Juliane Fischer As a Technical Application Specialist, Juliane is responsible for a range of application work including producing application notes, technical copy and running demos, workshops and webinars. Prior to this, Juliane gained her PhD at Leibniz Institute for Natural Product Research and Infection Biology, Jena, Germany in Chromatin remodelling during a fungal‐bacterial interaction.

Women in STEM spotlight: Charlie Pemble

2 min read

Women in STEM feature

For Women’s History month in March we began a series of blog posts to celebrate the great achievements of women in STEM (science, technology, engineering and maths). To highlight successful women in STEM we have interviewed some of our very own talented employees. Today we are featuring Charlie Pemble, Manufacturing Engineering; read below for what she has to say.

 

What does being a woman in STEM mean to you?

So important and exciting! It never occurred to me when at school that STEM subjects were male or female-dominated. It was only when I applied to university and I was 1 of 6 girls in 250 engineering students that I realised the gender skew. People are continually surprised when I tell them I am a Manufacturing Engineer. I have many female engineering friends excelling in their specialities. Children need to see that their gender plays no role in their ability to excel in STEM fields.

 

How did you come to be working on this topic/in this field?

My dad is an engineer, my grandfather was an architect. I always knew engineering is where I wanted to be. My older sister is a physicist and suggested Mechanical Engineering as a fitting university course, so I went for it and thoroughly enjoyed it! Through working in industry I realised my strengths are in manufacturing, which is why I have settled as a Manufacturing Engineer.

 

What is the biggest challenge you face as a woman in STEM?

Only ever the reaction when I tell people my job role. I have never faced any gendered challenges in any job I have worked.

 

Why is your work important?

It is important to me because it is exciting. I have long term tasks I can plan for and short term tasks I need to be reactive to, so never a dull day. At the end of the day, it is about ensuring our customers are happy. I don’t have direct contact with them, but any engineering issues that have come back through the Support team, or any building issues through the Production team, need to be addressed. This is so customer can receive their order in a timely manner and have quick resolution to any issues they might have when a product arrives.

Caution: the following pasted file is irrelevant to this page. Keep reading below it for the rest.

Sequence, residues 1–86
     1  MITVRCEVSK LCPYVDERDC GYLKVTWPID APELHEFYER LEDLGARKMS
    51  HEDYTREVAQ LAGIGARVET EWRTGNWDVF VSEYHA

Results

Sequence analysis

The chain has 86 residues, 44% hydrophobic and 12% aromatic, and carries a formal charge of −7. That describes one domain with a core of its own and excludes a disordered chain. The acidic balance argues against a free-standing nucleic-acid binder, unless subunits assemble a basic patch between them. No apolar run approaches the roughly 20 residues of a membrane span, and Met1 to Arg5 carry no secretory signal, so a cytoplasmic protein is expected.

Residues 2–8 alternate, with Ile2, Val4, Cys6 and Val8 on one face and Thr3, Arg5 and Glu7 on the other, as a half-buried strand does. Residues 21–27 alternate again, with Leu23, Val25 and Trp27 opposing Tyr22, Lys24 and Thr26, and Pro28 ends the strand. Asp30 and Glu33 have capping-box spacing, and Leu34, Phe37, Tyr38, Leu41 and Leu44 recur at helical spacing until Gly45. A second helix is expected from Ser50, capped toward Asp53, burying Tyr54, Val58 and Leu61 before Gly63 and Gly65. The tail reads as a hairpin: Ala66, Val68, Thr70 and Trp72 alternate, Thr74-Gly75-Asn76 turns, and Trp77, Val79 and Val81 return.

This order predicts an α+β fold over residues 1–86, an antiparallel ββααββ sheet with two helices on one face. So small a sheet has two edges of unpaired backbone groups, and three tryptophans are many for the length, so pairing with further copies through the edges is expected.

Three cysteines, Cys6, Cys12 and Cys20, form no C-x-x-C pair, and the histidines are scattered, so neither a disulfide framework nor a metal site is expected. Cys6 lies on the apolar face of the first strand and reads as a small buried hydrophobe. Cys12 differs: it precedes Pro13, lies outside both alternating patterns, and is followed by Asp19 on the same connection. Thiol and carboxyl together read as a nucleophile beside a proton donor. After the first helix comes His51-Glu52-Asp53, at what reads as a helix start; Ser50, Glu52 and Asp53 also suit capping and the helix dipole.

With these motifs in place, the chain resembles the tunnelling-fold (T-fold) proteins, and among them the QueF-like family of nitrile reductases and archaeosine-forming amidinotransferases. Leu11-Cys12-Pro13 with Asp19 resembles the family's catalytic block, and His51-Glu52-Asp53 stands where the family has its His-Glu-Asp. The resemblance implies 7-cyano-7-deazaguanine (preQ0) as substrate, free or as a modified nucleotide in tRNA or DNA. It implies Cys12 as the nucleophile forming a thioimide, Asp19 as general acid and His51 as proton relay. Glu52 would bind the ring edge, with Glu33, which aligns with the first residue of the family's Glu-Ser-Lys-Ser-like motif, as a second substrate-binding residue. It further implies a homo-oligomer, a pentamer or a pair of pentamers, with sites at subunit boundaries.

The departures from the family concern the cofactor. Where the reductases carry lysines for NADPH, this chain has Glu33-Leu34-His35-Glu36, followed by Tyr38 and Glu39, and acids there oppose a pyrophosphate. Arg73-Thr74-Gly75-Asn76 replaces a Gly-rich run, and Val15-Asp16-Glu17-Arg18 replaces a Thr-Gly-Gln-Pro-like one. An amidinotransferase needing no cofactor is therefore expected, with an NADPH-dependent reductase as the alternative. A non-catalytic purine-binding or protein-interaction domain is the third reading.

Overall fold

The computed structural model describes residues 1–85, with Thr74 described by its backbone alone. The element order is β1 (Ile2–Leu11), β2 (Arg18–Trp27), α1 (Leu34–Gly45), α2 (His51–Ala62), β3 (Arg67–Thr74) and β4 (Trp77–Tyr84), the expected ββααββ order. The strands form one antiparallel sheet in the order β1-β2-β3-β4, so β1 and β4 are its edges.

What do you think the future holds for microfluidics and/ or single cell research?

Great things! We have a very talented Production team that can build all sorts of catalogue and custom products. I think they will succeed in anything that R&D throw at them. Looking forward to the product changes and new product releases.

 

What’s your favourite part of your job?

The people! I work with a variety of different people from different areas of the company with varying backgrounds. Discussing issues with different people helps you see different viewpoints. This can help with the complete resolution of these issues.

 

What are your future career goals?

I am an Incorporated Engineer through the Institute of Mechanical Engineers. I am working towards become a Chartered Engineer. I hope to stay at Blacktrace and increase my product and application knowledge.

 

 

Further reading:

Want to learn more about single cell technology? Have a look at our website!

Read the other blog from our women in STEM series:

Women in STEM spotlight: Dr. Muriel Breteau

Or read about our previous researchers spotlight on Dr. Julianne Fischer:

 

 

Juliane Fischer As a Technical Application Specialist, Juliane is responsible for a range of application work including producing application notes, technical copy and running demos, workshops and webinars. Prior to this, Juliane gained her PhD at Leibniz Institute for Natural Product Research and Infection Biology, Jena, Germany in Chromatin remodelling during a fungal‐bacterial interaction.